13 June 1931 Bureau of Navigation Bulletin… Rickover commended for saving a petty officer form drowning

In July 1931, Rickover was promoted to Executive Officer.

In November, the S-48 had another mishap. She started a dive for a practice torpedo run and immediately “she took a twelve-degree list and a sharp downward angle. At seventy feet…she was out of control…blowing the tanks…brought her up… [A later] investigation showed a vent valve had failed to open.” In February of 1932, after several diving mishaps, a group of officers “nervous and tired, had drawn up a message…for all to sign, stating the ship was unsafe and could not complete her assignment.” According to Duncan, “Rickover argued them out of it…it would be bad for the reputations of all concerned and [told them] that he could work out a new diving procedure.” His diving protocol meant diving took longer, but it worked.

The 1932 Navy-Princeton gravity expedition to the West Indies

The first gravity measurements at sea had been made in 1926 from a submarine of the Royal Navy. The first U.S. gravity measurements at sea had been made from the submarine USS S-21 (SS-126), assisted by the Eagle Boats USS Eagle No. 35 and USS Eagle No. 58.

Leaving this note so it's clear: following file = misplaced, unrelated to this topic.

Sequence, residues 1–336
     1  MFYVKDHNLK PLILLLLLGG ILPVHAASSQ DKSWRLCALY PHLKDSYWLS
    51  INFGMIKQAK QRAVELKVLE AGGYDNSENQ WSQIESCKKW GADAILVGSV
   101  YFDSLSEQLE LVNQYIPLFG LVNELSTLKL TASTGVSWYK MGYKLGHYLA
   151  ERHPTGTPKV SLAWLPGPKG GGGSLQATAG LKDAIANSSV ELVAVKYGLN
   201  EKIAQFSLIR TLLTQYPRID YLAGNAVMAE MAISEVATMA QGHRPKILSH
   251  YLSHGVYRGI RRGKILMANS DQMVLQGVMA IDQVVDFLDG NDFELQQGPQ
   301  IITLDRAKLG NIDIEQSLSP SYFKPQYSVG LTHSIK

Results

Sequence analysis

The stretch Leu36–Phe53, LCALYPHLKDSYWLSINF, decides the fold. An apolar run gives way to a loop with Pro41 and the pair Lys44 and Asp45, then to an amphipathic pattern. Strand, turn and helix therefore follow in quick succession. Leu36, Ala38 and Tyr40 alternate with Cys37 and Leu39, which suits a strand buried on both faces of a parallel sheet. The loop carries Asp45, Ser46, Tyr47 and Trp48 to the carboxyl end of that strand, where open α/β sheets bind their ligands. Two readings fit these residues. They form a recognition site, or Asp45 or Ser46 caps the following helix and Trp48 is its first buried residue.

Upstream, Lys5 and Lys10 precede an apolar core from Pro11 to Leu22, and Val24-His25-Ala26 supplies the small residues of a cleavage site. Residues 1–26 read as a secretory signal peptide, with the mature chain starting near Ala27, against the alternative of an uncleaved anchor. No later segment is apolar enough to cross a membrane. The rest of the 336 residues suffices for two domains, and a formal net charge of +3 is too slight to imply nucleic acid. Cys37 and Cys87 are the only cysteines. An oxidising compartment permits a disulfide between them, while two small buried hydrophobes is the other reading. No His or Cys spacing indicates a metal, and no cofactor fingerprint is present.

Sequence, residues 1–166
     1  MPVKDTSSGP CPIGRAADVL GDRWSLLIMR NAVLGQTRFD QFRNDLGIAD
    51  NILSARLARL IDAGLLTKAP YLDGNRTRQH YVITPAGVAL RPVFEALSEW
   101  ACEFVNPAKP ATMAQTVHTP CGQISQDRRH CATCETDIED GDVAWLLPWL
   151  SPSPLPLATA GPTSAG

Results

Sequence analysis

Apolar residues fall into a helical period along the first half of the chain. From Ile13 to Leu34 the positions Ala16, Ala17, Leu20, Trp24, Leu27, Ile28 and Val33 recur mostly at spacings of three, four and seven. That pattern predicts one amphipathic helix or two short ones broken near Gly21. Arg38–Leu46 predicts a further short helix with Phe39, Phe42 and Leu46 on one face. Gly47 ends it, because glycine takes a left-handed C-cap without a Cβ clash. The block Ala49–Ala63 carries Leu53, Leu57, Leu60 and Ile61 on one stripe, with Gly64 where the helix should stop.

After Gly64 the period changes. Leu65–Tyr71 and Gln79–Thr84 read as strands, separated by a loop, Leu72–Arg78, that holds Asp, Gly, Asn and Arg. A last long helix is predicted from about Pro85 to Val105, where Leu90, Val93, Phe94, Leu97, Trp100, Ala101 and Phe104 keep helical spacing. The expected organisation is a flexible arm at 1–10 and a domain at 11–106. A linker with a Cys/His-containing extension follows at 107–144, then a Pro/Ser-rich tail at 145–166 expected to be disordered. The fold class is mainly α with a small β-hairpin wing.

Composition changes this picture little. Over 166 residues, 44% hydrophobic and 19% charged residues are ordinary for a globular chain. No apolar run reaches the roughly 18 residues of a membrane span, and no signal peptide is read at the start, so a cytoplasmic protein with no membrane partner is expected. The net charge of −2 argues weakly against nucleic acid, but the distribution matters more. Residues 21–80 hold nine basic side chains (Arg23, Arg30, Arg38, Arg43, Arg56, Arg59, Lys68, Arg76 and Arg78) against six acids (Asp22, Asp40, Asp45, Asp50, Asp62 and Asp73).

S-48 was assigned at the request of the Hydrographer of the Navy by the Secretary of the Navy to assist with the second U.S. expedition to obtain gravity measurements at sea using a gravimeter, or gravity meter, designed by Dr. Felix Vening Meinesz. Meinesz, joined by Dr. Harry Hammond Hess of Princeton University, and a U.S. Navy technician, participated in the expedition. The submarine was accompanied and assisted by the minesweeper USS Chewink (AM-39) in a route from Guantanamo Bay, Cuba to Key West, Florida and return to Guantanamo through the Bahamas and Turks and Caicos region from 5 February through 25 March 1932. The description of operations and results of the expedition were published by the U.S. Navy Hydrographic Office in The Navy-Princeton gravity expedition to the West Indies in 1932.

SS-159 S-48

Despite her frequent mechanical and electrical mishaps, sinking’s, and groundings, the Lake Torpedo Boat Co. built S-48 was finally deactivated in 1935 and berthed at League Island, N.Y. At the beginning of WWII, she was reactivated and used for training at New London. “Overhaul and repair periods [during the war] were frequent,” history records.